Tamara Karsavina as the Firebird in Mikhail Fokine's ballet 'L'Oiseau de feu'

Painting
ca. 1918 (made)
Not currently on display at the V&A

Artist/Maker
Place Of Origin

Left of centre, in a spotlight beneath the curving branches of a stylised tree bearing golden apples, a full length female figure in fantastical costume with high feather headdress stands on point with arms bent at elbows, the left across the upper body, the right held outward from body. In the background railings and to right part of an elaborate gate.
Thick impasto in areas with artist's fingerprints visble and marks made in wet paint with the end of the brush. Hairs and brush bristles have dried into the paint. Signed lower left hand corner: Allinson.


object details
Categories
Object Type
Materials and Techniques
Oil on hardboard
Brief Description
Tamara Karsavina as the Firebird in Mikhail Fokine's ballet 'L'Oiseau de feu' by Adrian Allinson. Oil on hardboard.
Physical Description
Left of centre, in a spotlight beneath the curving branches of a stylised tree bearing golden apples, a full length female figure in fantastical costume with high feather headdress stands on point with arms bent at elbows, the left across the upper body, the right held outward from body. In the background railings and to right part of an elaborate gate.

Thick impasto in areas with artist's fingerprints visble and marks made in wet paint with the end of the brush. Hairs and brush bristles have dried into the paint. Signed lower left hand corner: Allinson.
Dimensions
  • Height: 640mm
  • Width: 525mm
Production typeUnique
Marks and Inscriptions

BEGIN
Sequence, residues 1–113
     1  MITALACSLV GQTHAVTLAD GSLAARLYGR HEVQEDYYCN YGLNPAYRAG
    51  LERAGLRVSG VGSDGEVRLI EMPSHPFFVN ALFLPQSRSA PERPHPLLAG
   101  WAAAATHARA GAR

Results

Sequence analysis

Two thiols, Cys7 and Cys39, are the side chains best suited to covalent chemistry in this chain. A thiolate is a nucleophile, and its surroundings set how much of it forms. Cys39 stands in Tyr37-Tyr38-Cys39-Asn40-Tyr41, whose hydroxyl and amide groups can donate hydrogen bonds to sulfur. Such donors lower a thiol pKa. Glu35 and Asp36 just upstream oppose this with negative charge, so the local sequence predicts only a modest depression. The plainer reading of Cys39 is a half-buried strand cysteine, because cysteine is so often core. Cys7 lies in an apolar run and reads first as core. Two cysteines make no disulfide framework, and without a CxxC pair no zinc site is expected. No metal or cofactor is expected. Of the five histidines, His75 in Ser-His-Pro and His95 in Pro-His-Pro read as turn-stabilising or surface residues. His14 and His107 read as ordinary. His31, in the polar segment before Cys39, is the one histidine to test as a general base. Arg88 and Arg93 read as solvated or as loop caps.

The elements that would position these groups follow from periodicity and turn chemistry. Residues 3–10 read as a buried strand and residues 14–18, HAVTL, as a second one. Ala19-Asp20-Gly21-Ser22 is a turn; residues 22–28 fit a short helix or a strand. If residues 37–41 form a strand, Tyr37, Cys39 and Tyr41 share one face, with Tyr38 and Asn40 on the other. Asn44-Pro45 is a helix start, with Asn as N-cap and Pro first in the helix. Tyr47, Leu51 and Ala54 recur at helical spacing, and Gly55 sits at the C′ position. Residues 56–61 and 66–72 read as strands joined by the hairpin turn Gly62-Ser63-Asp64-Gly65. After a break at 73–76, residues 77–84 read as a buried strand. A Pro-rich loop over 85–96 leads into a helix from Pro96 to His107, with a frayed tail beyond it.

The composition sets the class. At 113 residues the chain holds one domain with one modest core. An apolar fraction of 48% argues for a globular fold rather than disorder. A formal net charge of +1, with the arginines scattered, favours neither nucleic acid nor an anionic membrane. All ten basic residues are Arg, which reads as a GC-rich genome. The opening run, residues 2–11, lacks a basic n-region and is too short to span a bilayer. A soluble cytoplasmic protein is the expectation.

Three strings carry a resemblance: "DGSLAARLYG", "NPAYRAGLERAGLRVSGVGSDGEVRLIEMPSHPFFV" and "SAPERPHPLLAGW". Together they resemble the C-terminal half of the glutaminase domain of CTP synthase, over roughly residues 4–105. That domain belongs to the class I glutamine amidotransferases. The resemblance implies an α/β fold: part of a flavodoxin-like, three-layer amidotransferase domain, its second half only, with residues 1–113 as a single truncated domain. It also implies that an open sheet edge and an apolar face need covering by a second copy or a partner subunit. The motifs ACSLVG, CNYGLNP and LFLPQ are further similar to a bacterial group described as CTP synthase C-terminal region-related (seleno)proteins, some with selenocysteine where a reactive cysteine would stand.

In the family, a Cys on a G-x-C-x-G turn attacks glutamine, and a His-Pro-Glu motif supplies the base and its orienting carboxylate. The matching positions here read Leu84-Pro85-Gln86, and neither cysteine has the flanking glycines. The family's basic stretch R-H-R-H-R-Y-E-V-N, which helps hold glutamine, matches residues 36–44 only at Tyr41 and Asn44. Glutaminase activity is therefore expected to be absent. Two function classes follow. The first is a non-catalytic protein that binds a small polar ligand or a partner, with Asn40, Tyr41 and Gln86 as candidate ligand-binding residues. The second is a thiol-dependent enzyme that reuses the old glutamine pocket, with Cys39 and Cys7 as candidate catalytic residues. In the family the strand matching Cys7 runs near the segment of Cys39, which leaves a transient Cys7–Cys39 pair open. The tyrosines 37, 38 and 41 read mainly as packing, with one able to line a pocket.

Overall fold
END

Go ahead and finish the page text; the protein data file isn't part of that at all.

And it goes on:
• "Allinson" (Signature; Lower left hand corner; Handwriting; Oil colour)
  • "Allinson / 1686 mk close up" ? (Textual information; Reverse; Handwriting; Pencil; Unknown)
Credit line
Cyril W Beaumont Bequest
Object history
Tamara Karsavina created the role of the Firebird in Mikhail Fokine's ballet, which was premiered by the Diaghilev Ballets Russes in Paris in 1910 and seen in London in 1912. The painting shows the Firebird in the Bakst-designed costume against the set designed by Alexander Golovine. Bakst later redesigned the costumes for the principals, but the set and remaining costumes were in use until 1926, when the production was redesigned by Natalia Goncharova.

The painting came to the Museum as part of the Cyril Beaumont Bequest.



Historical significance: The painting shows the original Firebird costume designed by Bakst against the Golovine-designed set. This is a rare example of a painting of the Diaghilev Ballet which shows the dancer on stage in the setting and is an important record of how the ballet looked on stage.
Subjects depicted
Bibliographic Reference
Ashton, Geoffrey, Catalogue of Paintings at theTheatre Museum, London, edited by James Fowler, Victoria & Albert Museum in association with The Society for Theatre Research, London, 1992, cat. 78
Collection
Accession Number
S.59-1988

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record createdJuly 18, 2001
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